I also designed three different quilts to go along with the fabric line. They’re Sketchbook Sampler, Office Daydreams and Topsy-Turvy. Two of the designs are fat quarter friendly, and they use Painter’s Palette Solids as the background.

All of the prints from the line and the patterns are now available in my shop, quiltachusetts.com.

I’m so thankful to Paintbrush Studio for taking the risk and giving me a chance to design fabric. I really love the process and the creativity of it all.  My second fabric line, Road Trip, will be out before the end of the year. It’s all very exciting.

Again, this fabric line was inspired by a quilt I designed, and that quilt was inspired by all the road trips my family took and still takes. We’ve driven all over the USA and parts of Canada. 

I really appreciate the memories and time spent with my parents and siblings. The Road Trip fabric line is a combination of bright cheery colors and geometric shapes.

Road Trip by Heather Black

I hope you’ve enjoyed reading a bit about the inspiration behind my quilts and fabric. I love the design process and making quilts and I encourage all quilters to add their own personality to every quilt they create.

Detail, Road Trip by Heather Black

Isn’t it great to see that Heather has found her creative voice? She has a unique style all her own. It was fun to hear how her modern quilt designs inspired fabric designs! Be sure to visit Heather’s website and her blog, and follow her on Instagram: @quiltachusetts.

Featured Designer: Charisma Horton

I’m having a ball seeing what everyone makes from my fabrics so I thought I’d share some of the amazing quilts my good friend Charisma Horton from Charisma’s Corner has made from my prints. She’s a prolific and talented pattern designer and chances are, you have one of her patterns in your stash! I’ll let Charisma tell us a little bit more about these beauties in her own words….

Charisma Horton

Hi Everybody! I am so excited to share a little about the quilts I have designed using Christa’s fabrics. I met Christa a few years ago in a design group. She has always been so generous with sharing information and collaborations.

I was a really new designer when I originally contacted Christa to use her fabrics. Since then I have designed several quilts using her lines of fabric. I love working with her lines because they are so versatile. You will find that many of my designs are based upon color as a feature design element.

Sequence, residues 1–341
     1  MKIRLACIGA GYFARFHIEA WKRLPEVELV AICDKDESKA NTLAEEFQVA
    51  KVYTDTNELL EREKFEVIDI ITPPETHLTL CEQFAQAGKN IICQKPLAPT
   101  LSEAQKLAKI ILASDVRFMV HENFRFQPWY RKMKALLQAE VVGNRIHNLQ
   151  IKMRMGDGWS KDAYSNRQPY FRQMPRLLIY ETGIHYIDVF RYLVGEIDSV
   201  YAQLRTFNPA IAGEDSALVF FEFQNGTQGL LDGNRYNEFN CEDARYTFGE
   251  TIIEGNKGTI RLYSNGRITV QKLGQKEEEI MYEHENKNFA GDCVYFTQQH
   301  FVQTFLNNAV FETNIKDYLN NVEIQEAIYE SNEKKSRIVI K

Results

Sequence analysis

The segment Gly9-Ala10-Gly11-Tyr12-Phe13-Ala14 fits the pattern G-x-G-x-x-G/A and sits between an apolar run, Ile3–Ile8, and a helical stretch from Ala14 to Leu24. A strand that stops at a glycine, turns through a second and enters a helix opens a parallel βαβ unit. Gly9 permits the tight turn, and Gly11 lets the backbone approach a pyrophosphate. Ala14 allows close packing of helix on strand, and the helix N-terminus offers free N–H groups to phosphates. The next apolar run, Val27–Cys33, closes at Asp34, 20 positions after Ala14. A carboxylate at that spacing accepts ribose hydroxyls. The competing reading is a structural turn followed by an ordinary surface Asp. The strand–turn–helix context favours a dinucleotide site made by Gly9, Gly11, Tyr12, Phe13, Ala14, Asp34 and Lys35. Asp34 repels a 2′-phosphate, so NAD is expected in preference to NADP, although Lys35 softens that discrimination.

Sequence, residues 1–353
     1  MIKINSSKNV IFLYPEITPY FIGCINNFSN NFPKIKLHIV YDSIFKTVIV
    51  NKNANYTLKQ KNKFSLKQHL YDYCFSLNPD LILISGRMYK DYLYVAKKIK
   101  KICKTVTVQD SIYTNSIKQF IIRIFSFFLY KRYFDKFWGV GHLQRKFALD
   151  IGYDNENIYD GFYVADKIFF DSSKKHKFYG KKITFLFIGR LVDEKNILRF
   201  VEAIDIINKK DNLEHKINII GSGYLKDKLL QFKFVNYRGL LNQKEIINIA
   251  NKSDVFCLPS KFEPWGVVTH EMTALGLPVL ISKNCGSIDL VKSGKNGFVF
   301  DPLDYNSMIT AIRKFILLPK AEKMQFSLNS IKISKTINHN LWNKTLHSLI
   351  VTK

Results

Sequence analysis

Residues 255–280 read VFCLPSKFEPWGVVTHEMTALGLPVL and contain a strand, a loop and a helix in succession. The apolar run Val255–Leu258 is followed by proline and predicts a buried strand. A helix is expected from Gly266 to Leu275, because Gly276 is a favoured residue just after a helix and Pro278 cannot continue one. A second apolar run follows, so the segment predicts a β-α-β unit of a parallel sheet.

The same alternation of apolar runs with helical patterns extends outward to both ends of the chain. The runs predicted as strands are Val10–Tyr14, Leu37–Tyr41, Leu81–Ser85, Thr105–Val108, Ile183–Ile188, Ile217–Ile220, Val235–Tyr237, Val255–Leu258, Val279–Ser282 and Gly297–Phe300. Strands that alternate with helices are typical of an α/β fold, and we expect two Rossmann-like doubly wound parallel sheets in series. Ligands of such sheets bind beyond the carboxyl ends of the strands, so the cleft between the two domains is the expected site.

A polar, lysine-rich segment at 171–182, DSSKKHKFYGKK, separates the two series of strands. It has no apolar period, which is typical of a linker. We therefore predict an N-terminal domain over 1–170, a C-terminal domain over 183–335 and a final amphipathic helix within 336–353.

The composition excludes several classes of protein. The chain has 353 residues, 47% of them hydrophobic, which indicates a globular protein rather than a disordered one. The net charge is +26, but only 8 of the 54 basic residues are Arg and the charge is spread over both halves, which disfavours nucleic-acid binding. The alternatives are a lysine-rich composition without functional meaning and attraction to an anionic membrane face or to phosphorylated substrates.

Check out The Hive made from geo pop:

Click here to get The Hive quilt pattern from Charisma’s Corner on Etsy

“The Hive” was designed and waiting for the perfect line of fabric to come along and bring it to life. That was Geo Pop.  I was so excited that Christa loved my design & displayed it in her booth at quilt market last year:

The Hive made from Geo Pop

The Hive pattern with the white background looks great next to Christa’s Bling pattern in Black!!

All the rest of the quilts that I have designed using Christa’s fabrics were a direct result of seeing her lines. Meaning that I designed the quilts specifically after seeing her fabric swatches.

Mid Mod was designed with Gridwork:

Mid Mod by Charisma Horton

Click here to get Mid Mod quilt pattern from Charisma’s Corner on Etsy

First of all, I have to say that I LOVE-LOVE Gridwork. I made 2 published projects with this line and I have another coming out in a magazine that I can’t share yet. But it’s a very special quilt and I can’t wait to share that one as well. I am a HUGE fan of this line because I love the colors, the grids and all of the lovely textures.

Mid Mod is my take on Mid Century modern art. I wanted to create a quilt that was easy to complete but looked random and freeform. I think many people are pleasantly surprised when they make this pattern. It’s WAY easier than it looks. I also have these blocks mocked up in several different layouts. There are so many ways to arrange these blocks and make the quilt your own.

Before I was a pattern designer, when I bought patterns, I treated them as a jumping off point. I wanted to make them my own. This pattern can easily be changed to fit your own style.

Nate and Tate Pillows Made from Gridwork

I am one of those quilters that loves all styles. This next pattern looks vastly different than the Mid Century modern one that I just shared!

Nate and Tate PillowsClick here to get Nate & Tate pillow pattern from Charisma’s Corner on Etsy

Can you get any more cutesy than these gnome bench pillows? I had some scraps left from my Mid Mod project and I didn’t waste one inch! LOL. I keep my Christa fabrics in separate bags, away from the rest of my scraps so that I can save them for something special.

Who else does that? Haha! I can’t help it!  I just knew I could use them for something else and I whipped out these pillows. They have been a great addition for the seasons. They are also great gifts.